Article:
Air Canada expands FanFlights

With the Ottawa Senators now part of the sponsorship family, the program has gone national.
Air Canada moment Twitter

For the third year of Air Canada’s FanFlights platform, the travel company has, in its own words, “gone truly national.”

The program, which surprises fans of hockey with flights and tickets to see their favourite Canadian teams play on the road, has been able to bolster the program now that it is the official airline of all seven Canadian teams (last year, the Ottawa Senators were the only team without that official affiliation).

Jackie Harkness, director of sponsorships with Air Canada, told MiC that despite Air Canada no longer having the naming rights to the Toronto Maple Leafs’ home arena, the airline will continue with a mandate to be ingrained in all things hockey.

“We fly each of the teams on our charter service, which means every single day, we interact with the team directly,” she said. “We also sponsor all seven teams, we’re in the arenas, we’re in the communities with the hockey message. We’ve done different activations per market, but now we’re putting it all in one big national activation.”

The campaign will be promoted through social media, PR and ads in print and radio. All media buys were handled internally.

Besides now involving the Senators in its Fan Flights offerings, Air Canada has also updated the program to integrate each team’s charitable foundation. Fans with ties to the foundations will also be awarded with a FanFlight experience. Harkness said this gives Air Canada a chance to keep the program “community-oriented” despite the massive national platform.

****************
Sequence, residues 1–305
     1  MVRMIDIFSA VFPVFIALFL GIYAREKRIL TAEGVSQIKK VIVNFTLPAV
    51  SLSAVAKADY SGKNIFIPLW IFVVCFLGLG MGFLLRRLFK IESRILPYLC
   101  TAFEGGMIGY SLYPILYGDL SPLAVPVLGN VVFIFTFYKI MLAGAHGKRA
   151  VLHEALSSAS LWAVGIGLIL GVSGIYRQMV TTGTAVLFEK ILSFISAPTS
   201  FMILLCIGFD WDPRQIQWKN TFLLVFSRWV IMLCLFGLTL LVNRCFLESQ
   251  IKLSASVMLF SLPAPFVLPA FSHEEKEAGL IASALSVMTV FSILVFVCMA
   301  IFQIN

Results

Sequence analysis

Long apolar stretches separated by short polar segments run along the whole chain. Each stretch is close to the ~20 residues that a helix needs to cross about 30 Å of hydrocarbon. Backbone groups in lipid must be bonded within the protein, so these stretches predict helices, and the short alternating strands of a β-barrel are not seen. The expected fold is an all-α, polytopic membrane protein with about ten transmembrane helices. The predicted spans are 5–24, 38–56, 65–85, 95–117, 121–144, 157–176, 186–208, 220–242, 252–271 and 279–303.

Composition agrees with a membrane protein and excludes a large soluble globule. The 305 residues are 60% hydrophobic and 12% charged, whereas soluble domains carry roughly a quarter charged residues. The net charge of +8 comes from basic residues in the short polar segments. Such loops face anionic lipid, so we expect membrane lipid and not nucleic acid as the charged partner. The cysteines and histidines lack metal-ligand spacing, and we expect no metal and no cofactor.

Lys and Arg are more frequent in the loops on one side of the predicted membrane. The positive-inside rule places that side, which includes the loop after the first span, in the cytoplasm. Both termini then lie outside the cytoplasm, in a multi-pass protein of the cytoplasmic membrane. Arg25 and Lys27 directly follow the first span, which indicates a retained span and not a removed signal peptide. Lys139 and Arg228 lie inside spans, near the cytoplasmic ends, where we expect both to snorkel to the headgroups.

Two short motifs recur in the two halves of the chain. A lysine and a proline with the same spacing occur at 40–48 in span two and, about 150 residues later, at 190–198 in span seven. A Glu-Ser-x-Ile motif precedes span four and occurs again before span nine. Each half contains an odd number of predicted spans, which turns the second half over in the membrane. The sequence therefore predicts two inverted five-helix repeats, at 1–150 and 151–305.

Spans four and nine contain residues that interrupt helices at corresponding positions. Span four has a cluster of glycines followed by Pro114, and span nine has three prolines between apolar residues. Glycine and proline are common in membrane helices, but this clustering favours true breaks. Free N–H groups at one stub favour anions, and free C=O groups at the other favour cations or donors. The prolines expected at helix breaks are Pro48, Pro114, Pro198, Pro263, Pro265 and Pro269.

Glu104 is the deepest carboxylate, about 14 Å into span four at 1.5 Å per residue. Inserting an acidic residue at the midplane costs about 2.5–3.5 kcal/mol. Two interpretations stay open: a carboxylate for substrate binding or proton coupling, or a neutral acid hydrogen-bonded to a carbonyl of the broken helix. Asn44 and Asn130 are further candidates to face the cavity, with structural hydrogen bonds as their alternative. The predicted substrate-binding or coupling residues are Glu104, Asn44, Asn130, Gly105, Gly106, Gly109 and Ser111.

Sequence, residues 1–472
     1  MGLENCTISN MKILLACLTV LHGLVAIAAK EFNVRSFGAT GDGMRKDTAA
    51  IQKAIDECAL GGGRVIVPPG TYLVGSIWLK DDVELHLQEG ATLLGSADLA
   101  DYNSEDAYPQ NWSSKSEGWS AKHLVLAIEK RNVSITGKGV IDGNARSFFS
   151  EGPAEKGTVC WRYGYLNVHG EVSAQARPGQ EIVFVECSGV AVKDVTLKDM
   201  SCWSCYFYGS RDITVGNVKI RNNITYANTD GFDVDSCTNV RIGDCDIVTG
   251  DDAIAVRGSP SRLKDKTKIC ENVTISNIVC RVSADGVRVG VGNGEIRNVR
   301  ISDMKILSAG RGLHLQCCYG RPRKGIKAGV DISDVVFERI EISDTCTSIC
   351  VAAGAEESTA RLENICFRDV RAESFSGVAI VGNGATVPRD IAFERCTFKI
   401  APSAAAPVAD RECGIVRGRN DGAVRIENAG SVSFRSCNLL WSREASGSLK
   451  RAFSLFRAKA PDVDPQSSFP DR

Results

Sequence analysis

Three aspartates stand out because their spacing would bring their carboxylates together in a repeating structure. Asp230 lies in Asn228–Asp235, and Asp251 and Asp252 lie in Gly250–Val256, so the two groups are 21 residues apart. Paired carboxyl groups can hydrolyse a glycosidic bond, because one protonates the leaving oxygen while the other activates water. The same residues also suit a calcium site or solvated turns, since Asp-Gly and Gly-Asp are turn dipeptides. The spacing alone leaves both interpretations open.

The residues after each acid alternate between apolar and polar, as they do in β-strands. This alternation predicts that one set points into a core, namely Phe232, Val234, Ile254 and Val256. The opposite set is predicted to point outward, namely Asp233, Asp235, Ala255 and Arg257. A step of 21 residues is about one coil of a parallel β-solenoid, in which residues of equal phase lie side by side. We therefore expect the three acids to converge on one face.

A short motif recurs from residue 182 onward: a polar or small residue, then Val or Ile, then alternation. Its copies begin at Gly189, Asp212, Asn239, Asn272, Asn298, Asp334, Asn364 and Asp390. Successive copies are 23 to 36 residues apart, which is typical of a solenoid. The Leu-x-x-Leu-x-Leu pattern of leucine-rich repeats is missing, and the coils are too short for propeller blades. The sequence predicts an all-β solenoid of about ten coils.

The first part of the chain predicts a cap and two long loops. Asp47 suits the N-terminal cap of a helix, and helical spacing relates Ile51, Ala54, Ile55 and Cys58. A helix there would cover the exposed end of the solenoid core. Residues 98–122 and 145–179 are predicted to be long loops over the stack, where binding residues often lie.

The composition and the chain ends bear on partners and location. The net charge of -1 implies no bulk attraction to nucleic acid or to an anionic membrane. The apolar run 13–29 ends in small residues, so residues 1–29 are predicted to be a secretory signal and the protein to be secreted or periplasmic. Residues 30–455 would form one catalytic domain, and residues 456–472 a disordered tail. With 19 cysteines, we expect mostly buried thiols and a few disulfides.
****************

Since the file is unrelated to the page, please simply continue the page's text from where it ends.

In fact, she said, that was the motivation for putting most of its media spend behind print, radio and influencers (largely NHL alumni). “We wanted to reach the average hockey fan, and we don’t want to do that through the biggest, most expensive media buy,” she said. “We have teamed up with every radio station in the country.” She added that while big TV buys could achieve mass reach during games, it’s not just catching people when they happen to be watching the puck drop. “It’s just as important to catch people listening [to sports news] in their car.”

Also updated for the season is the creative approach. This year, Air Canada’s employees – pilots, flight attendants and other staff – will be the face of the FanFlight branding. The idea, said Harkness, is to drive home a message of customer service.